USA and the early Christmas fever


Lindsey Catarino is the talking point in her neighborhood. He put up his Christmas tree in mid-September. By October 1, his fireplace was already decorated. Since then he has added more trees and decorations to almost every room in his Connecticut home.

The goal of the 42-year-old, like others who thought like her, is to bring the warmth and comfort of Christmas by countering “an otherwise crazy world.”

While some Christmas tree vendors fear running out of items for Thanksgiving and courier companies are concerned about possible shipping saturation in November, a growing number of people in search of joy have been ahead of the traditional dates and They have put up all their Christmas decorations weeks earlier than they normally would.

“It’s definitely invaded me, and with a lot of anticipation,” Catarino, who lives in West Hartford, said of the holiday spirit. “I enjoy being home in a different way. It just gives me the opportunity to be engaged in something that is joyful. I wanted my house to give me that peace, and we just want to disconnect. The elections were the straw that broke the camel’s back ”.

Brandon Stephens, president of professional Christmas decorating company Christmas Decor, said anticipated business activity is up 15-20% from the same period last year. Orders began to arrive even in April, he noted. The company’s franchises served more than 43,000 homes and businesses last year across the country and expect to increase that number to about 52,000 this year. Most of the anticipated activity is residential.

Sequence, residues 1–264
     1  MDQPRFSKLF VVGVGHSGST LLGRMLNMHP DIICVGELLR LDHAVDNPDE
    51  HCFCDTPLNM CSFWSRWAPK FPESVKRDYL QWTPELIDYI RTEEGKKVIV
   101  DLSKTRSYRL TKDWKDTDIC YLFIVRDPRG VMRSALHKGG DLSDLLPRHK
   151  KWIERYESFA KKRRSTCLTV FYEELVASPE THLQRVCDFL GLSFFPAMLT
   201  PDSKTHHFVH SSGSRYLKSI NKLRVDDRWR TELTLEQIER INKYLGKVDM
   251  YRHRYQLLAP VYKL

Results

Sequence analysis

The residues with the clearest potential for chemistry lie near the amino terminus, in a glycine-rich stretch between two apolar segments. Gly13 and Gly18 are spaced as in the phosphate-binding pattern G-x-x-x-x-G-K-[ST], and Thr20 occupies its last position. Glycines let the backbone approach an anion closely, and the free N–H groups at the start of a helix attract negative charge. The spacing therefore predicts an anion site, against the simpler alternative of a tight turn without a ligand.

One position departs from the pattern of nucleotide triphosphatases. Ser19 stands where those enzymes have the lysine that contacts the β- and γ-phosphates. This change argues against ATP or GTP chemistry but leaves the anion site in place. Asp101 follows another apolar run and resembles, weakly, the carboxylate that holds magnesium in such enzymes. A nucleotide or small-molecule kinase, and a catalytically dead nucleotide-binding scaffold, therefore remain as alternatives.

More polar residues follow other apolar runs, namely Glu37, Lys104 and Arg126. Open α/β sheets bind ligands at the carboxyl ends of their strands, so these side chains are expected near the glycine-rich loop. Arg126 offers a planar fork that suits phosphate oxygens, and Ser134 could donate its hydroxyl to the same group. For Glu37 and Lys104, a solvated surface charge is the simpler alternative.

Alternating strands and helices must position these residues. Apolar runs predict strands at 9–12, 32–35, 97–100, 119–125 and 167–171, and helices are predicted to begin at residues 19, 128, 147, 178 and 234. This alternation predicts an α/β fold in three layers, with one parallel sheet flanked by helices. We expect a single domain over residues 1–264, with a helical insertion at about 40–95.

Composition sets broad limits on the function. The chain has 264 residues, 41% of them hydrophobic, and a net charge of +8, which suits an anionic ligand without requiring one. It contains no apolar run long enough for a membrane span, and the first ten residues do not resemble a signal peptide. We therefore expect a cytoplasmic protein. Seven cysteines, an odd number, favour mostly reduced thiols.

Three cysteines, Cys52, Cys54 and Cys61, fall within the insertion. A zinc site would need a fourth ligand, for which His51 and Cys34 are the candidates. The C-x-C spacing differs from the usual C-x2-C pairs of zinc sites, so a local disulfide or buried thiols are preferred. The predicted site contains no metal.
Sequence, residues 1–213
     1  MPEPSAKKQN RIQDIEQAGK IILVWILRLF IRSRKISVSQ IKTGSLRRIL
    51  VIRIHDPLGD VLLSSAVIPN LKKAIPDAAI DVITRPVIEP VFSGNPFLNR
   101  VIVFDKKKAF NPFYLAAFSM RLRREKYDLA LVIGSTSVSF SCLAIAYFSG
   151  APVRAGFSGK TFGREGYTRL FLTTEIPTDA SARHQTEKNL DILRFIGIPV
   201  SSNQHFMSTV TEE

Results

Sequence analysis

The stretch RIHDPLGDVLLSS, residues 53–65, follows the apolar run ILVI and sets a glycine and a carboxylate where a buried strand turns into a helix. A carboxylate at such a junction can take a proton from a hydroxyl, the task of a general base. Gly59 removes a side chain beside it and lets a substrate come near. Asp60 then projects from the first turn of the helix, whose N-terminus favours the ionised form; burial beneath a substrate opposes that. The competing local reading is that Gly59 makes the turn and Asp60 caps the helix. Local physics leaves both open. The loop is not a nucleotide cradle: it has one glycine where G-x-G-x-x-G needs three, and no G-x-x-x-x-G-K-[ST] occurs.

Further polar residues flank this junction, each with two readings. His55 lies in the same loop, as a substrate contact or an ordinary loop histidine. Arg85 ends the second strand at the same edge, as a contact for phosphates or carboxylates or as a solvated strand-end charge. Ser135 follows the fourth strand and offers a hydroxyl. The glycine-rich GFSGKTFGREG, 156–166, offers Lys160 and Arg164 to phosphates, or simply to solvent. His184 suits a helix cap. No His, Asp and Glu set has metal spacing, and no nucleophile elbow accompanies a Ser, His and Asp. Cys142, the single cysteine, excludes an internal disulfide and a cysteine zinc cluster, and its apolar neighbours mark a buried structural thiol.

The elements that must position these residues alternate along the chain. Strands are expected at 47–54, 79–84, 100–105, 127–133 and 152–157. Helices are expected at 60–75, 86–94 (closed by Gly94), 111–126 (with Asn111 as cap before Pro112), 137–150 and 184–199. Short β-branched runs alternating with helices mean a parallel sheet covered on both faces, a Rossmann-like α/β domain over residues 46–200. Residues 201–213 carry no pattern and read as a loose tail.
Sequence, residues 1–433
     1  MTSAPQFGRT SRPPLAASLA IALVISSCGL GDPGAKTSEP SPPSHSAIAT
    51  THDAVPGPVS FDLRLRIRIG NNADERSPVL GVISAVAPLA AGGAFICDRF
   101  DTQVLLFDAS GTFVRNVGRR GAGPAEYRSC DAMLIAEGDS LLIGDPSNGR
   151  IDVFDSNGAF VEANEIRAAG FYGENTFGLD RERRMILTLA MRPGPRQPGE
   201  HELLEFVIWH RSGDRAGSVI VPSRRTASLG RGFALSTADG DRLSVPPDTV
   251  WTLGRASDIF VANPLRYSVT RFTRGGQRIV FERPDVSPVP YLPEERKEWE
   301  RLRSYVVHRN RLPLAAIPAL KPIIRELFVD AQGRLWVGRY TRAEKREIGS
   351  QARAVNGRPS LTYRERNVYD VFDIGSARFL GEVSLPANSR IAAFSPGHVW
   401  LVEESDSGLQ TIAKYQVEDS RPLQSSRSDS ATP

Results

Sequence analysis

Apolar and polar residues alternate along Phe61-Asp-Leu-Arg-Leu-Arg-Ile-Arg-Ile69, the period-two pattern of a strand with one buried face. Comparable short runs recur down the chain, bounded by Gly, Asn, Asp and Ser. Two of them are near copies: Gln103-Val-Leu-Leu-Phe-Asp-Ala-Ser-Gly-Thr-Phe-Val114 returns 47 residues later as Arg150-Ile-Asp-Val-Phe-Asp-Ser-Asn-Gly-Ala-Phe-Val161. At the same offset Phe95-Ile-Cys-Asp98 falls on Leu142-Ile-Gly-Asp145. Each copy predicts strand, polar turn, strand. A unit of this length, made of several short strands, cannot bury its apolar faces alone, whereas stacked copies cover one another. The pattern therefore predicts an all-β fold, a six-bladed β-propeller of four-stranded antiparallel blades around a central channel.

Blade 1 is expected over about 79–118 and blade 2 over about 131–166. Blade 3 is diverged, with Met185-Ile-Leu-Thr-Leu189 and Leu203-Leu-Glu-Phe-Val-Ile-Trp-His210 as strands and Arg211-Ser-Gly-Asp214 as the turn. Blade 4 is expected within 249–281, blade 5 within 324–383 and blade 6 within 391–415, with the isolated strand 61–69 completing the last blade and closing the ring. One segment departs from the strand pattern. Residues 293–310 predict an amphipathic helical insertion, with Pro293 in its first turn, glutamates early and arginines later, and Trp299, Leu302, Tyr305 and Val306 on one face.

“We knew it was kind of an emotional response. People were looking for hope. People were looking for something to feel good about while being locked up in their house, ”she said. “Many people are not traveling for the Christmas season, so they are celebrating at home.”

Much of the early Christmas fervor stems from a minimalist Thanksgiving due to the coronavirus pandemic.

“I think the rush is because Thanksgiving is regularly about coming together, which probably won’t happen for many people this year,” said Jennifer Rizzo, an artist and interior designer who wrote a book titled “Creatively Christmas. ”.

“Much of the joy of the holidays has to do as much with the preparation as with the day itself, and people are delving into that aspect of Christmas,” he added.